Adding that kind of package to a Yaris really didn't suit the character of the car and most original customers decided that it was better to simply go with trim quietly underlining the inviting nature of the cabin. The cheap glossy look that characterised early versions of this MK3 design was with this facelifted version replaced by classy grained textures, while the previous bright chrome trim made way for a more sophisticated satin finish. There were also smarter, more interesting seat trims and soft-touch materials were more prevalent, especially on the redesigned door panels. Plus raising the centre console made it possible to fit a shorter gear lever for snickity-snick changes.
Perhaps the most important cabin change with this revised model lay with the upgraded infotainment set-up on offer, the 'Toyota Touch 2' system. This larger, higher-resolution 7-inch colour screen works effectively, though it's a display that's still very difficult to read on a sunny day. Buyers could though, have it in 'MirrorLink'-ready form, which allowed connection of smartphones via standard Bluetooth connectivity and operation entirely by using the touchscreen. Toyota folk familiar with the brand's multimedia systems will find a comprehensive screen menu and a screen operable with the kind of 'drag-and-flick' use you'll be familiar with from your phone. The system incorporates a rear view camera, can send or receive text messages and some original buyers upgraded it to the 'Touch 2 with Go' status that includes full map navigation.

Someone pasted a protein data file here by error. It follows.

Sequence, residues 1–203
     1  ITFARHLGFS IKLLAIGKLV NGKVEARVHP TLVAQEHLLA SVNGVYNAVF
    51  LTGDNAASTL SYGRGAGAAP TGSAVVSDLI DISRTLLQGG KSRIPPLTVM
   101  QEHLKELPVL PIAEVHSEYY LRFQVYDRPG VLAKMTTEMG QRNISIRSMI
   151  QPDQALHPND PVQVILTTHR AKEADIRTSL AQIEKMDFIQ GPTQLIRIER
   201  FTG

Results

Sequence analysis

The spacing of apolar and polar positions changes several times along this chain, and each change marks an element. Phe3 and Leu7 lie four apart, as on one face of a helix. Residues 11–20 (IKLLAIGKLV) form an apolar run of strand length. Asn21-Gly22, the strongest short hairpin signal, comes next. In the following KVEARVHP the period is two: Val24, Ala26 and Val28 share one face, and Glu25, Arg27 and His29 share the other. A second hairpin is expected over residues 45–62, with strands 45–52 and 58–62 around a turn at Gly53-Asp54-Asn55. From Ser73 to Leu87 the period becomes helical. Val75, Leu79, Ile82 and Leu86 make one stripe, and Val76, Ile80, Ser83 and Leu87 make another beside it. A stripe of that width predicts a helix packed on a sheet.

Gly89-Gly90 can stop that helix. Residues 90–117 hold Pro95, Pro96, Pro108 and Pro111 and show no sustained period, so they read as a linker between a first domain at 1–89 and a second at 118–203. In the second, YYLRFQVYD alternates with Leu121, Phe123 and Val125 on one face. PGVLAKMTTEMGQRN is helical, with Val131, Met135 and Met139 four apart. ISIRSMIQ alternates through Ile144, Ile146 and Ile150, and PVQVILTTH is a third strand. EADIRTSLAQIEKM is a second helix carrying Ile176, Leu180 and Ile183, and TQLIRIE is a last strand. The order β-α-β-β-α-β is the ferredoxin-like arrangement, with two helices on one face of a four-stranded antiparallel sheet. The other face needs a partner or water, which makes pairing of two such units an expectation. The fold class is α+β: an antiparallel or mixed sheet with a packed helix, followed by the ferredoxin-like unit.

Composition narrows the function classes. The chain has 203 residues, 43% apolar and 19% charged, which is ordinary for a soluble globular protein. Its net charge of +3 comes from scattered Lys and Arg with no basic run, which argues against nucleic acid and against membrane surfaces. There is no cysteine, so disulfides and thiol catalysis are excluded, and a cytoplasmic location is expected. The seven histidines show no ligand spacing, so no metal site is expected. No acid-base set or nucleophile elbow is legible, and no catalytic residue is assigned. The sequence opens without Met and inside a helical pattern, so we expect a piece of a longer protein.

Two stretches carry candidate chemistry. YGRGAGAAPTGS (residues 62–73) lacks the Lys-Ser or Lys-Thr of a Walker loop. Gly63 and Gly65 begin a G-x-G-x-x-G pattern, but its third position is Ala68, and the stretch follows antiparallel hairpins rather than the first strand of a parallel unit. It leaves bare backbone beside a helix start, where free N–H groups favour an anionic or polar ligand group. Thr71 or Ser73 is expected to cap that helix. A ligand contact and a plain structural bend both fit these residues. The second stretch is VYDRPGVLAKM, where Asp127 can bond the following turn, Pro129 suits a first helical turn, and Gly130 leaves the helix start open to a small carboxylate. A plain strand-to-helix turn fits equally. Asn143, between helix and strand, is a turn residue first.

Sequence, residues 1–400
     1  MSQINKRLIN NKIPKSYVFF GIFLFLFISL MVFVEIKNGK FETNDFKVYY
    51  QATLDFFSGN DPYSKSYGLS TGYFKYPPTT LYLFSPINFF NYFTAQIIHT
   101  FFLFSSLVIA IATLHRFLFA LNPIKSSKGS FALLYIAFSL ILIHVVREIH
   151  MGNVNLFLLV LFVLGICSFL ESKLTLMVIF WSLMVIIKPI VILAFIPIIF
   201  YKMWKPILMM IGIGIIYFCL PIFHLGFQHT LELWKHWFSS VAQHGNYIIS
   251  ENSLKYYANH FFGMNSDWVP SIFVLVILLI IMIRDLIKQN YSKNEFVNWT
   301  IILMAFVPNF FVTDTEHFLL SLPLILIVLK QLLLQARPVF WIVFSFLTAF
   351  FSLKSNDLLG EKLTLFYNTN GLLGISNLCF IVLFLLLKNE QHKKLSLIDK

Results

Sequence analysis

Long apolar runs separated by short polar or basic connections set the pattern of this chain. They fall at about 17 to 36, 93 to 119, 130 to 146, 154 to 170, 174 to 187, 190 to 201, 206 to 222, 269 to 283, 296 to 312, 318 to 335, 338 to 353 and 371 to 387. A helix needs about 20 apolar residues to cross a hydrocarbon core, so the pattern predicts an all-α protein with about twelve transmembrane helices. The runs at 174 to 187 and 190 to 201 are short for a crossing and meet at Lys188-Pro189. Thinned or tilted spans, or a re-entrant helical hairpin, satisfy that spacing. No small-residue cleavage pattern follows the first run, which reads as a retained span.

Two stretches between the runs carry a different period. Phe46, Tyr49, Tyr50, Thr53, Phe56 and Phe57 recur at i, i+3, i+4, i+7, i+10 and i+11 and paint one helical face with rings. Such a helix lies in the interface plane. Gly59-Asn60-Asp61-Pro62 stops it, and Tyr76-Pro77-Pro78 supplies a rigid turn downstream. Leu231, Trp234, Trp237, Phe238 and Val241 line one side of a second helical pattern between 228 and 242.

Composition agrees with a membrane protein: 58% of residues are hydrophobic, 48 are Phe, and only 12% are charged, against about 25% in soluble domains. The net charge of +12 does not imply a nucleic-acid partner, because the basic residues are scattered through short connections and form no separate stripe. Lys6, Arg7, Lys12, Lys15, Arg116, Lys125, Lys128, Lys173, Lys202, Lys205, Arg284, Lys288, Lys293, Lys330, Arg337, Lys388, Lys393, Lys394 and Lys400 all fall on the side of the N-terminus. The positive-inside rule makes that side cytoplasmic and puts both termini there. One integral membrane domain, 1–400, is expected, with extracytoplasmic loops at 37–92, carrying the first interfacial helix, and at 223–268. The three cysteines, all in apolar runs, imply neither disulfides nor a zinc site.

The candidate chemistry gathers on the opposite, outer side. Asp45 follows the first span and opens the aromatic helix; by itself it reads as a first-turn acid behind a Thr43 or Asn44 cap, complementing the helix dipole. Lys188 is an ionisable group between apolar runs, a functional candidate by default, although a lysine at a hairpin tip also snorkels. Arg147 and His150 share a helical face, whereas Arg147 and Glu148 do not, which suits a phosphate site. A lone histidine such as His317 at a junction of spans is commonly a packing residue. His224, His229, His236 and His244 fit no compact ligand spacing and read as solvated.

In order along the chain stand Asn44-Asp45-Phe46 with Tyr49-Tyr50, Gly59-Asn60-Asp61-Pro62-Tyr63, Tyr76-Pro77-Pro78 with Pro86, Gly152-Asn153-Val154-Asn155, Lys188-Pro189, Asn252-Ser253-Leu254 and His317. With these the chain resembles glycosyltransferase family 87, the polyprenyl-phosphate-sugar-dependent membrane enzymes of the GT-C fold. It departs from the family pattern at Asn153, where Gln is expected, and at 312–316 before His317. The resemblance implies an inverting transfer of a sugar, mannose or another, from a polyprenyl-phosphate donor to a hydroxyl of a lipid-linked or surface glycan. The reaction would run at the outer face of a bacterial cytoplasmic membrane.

All these things apart, the interior wasn't changed much compared to the previous version of this car. Which meant that build quality from the French Pas-de-Calais factory was as strong as ever. And that the controls proved to be sensibly positioned and extremely easy to get to grips with. There's also plenty of interior storage space, though some of the ledges provided tend to deposit their contents onto you once you corner with any speed. The door bins are useful though, able to accommodate a decent sized drinks bottle with ease.
What to Look For
With our ownership survey, we found plenty of satisfied Yaris owners, but inevitably, there were a few issues. A rattling dash was reported by one owner. We also came across issues with creaking suspension and a clunking gearbox, while in one case, the centre console went blank occasionally. One owner had the misfortune to suffer a blown turbo on his 1.4 D-4D diesel model after 30,000 miles. And it's been reported that the 1.0-litre petrol engine occasionally suffers problems pulling from, low revs. Look out for all these things on the test drive and, as usual, prioritise models featuring a fully stamped-up service record.